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2014 | Hau: Journal of Ethnographic Theory 4 (1): 211236

Special section

After objectivity
An historical approach to the intersubjective
in ethnography

Peter Pels, University of Leiden

Intersubjectivity in anthropology has rarely been studied against the broader background of
the place of intersubjective exchanges in the long-term history of anthropology. This article
attempts to do so by setting the history of anthropology against the history of objectivity
since the Enlightenment as outlined by Lorraine Daston and Peter Galisons seminal
Objectivity (2007). On that basis, it concludes that the currently popular romantic ideal of a
dyad of interchanges between researcher and researched does not give a proper impression
of what anthropology is about. Instead, it argues that the mission of anthropology is based
on an expertise about cultural classification that cannot be divorced from the asymmetrical
breaks with everyday perceptions provided by ethnographic methodology.
Keywords: intersubjectivity, objectivity, history of anthropology, classification,

For anyone acquainted with the history of anthropology and ethnography, there is
often something not quite rightsomething Whiggish (Stocking 1968: 34)
about anthropological representations of intersubjectivity. Many attempts to
grapple with a legacy of colonial inequalities try to make anthropological research
relationships less asymmetrical by reframing them in terms of advocacy, collabo-
ration, dialogue, and positive engagement between researcher and researched
(Dwyer 1977, 1979; Hastrup and Elsass 1990; Lamphere 2003; Lassiter 2004;
Rappaport 2008; Tedlock 1979). This is historically ironic, for it relies on a dyadic
reduction of the multiplex social relationships of anthropological research that
was first formulated under late colonial circumstances in order to safeguard the
asymmetrical, superior position of the anthropological expertat the time when,
for example, Bronislaw Malinowski tried to erase colonial administrators, traders,
and missionaries (as mere practical men, that is, amateurs) from contemporary

 his work is licensed under the Creative Commons | Peter Pels.

ISSN 2049-1115 (Online). DOI: http://dx.doi.org/10.14318/hau4.1.009
Peter Pels 212

conceptions of anthropological work (see Malinowski 1922; Pels 2011). Unless we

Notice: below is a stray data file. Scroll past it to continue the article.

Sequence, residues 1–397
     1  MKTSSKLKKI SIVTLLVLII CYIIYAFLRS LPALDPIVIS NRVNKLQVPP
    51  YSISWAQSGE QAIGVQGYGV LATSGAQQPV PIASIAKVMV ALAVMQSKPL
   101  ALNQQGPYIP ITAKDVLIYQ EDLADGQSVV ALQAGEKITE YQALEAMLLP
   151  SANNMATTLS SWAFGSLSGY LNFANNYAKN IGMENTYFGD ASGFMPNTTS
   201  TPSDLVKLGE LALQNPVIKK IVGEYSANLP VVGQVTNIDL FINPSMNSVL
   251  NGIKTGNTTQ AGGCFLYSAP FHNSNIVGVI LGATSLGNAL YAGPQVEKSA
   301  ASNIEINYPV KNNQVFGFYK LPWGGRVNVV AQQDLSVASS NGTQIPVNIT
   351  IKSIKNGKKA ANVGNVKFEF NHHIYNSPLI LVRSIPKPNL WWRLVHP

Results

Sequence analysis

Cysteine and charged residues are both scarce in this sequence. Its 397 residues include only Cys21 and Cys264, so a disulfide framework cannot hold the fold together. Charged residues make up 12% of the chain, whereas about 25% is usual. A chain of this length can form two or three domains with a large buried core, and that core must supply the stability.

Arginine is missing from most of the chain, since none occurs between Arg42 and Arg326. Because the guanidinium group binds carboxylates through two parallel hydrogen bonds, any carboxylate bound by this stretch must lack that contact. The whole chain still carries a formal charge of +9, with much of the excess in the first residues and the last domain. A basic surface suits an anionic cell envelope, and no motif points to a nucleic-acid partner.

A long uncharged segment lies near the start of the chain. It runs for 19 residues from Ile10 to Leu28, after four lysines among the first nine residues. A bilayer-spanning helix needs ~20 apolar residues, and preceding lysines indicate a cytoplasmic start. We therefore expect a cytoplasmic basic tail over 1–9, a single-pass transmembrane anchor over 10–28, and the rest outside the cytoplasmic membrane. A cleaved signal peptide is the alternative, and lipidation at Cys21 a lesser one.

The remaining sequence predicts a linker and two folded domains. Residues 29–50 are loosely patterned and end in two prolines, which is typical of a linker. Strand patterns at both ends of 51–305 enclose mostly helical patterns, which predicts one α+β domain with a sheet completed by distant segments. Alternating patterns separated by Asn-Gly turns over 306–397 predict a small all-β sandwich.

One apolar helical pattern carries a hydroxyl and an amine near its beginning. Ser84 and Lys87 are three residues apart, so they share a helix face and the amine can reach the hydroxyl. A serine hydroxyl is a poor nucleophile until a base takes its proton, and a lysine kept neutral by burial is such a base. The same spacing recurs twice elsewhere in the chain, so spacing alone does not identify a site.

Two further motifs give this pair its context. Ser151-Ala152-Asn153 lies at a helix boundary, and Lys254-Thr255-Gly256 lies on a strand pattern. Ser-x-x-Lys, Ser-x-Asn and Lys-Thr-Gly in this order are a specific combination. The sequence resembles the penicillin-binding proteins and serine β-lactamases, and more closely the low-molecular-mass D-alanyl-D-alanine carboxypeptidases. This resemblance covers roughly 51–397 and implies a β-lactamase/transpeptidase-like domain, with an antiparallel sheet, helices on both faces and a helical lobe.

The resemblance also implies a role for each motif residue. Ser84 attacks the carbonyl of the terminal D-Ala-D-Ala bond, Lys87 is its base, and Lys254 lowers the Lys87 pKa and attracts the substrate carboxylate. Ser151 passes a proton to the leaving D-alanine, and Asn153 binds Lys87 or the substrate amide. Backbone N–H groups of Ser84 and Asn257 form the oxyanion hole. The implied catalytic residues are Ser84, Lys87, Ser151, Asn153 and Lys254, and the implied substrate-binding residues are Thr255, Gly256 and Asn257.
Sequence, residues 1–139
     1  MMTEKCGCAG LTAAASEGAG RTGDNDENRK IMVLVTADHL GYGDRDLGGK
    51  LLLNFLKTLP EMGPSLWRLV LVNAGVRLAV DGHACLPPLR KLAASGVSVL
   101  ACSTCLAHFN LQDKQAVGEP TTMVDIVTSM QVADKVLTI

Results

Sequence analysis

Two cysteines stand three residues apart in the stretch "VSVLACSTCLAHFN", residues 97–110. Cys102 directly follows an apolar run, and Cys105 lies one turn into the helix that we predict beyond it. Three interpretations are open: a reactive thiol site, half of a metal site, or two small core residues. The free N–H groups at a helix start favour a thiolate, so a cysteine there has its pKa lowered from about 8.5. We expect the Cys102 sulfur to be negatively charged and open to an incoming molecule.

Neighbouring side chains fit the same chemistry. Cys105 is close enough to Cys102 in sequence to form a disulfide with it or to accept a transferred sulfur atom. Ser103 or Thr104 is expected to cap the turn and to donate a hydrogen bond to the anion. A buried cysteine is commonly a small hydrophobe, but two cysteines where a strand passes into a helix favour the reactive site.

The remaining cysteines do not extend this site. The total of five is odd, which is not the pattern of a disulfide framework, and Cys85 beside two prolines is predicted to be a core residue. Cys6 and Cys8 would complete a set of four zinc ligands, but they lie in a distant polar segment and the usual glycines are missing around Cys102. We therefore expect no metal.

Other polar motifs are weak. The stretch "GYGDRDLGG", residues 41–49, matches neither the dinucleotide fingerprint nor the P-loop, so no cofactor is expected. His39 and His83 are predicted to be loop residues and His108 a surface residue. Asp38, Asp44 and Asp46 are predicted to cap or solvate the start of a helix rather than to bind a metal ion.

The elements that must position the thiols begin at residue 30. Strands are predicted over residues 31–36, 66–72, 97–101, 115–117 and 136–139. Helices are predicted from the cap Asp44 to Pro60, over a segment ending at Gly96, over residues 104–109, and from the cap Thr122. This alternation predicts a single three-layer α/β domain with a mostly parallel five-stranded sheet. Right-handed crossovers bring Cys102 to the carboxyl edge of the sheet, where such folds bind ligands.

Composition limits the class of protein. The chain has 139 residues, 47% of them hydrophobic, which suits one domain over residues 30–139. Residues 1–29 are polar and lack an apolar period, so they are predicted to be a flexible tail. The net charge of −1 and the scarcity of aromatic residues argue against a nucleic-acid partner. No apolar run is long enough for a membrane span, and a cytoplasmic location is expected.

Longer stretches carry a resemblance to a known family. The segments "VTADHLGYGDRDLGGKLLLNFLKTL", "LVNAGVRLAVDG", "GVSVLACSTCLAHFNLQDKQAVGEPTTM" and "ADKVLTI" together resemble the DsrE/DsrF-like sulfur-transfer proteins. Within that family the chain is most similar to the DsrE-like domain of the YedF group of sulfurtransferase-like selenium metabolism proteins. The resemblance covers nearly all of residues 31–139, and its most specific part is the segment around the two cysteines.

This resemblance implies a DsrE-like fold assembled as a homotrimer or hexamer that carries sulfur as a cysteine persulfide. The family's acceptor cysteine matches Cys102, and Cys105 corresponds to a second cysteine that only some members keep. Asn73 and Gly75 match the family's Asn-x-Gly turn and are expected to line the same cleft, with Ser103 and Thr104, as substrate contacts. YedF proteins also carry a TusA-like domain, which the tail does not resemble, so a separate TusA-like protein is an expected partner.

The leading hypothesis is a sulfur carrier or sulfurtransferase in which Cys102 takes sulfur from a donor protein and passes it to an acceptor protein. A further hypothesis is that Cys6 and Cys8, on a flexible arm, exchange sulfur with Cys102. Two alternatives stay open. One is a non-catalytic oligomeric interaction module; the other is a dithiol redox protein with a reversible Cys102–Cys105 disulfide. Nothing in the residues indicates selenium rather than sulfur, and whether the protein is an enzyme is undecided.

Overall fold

subscribe to the conceitrefuted by the anthropology of colonialism (Pels 1997,
2008)that we can leave the colonial past behind without a trace, we cannot as-
sume that ethnography is sufficiently characterized by an intersubjective dyad.
Instead, we should study how intersubjective epistemological conditions were in-
terwoven with asymmetrical standards of objectivity that, more often than not,
grounded a hierarchical anthropological claim to expertise in the field of clas-
sifying and understanding human difference(s). In this article, I try to show that
the intersubjective only became part of ethnographic authority after objectivity
emerged as a historical construct.1 It did so, I propose, in two steps: one, around
1900, that introduced the need for taking native categories as a starting point of
ethnographic method; and a second, in the 1970s, that made the reflexive scru-
tiny of Western classifications of others into a necessary condition of research.
This should support my conclusion that, even today, a methodology of making
asymmetrical reflexive breaks with the subjectivities, classifications, and catego-
ries encountered during research is necessary to avoid turning an, at best partial,
representation of the epistemology of anthropological research into an ethical fan-
tasy of intersubjective harmony.

Toward a history of the objective and subjective in anthropology

If the dyadic imagination of the ethnographic relationship became hegemonic
after World War II, this should not persuade us that it thereby also became an
adequate representation of anthropological practice (see Pels and Salemink 1999;
Stocking 1991). By this, I do not mean to deny that the intersubjective is both
a positive and a necessary epistemological condition of ethnography. Well be-
fore Malinowski focused his professional claims primarily on the relationship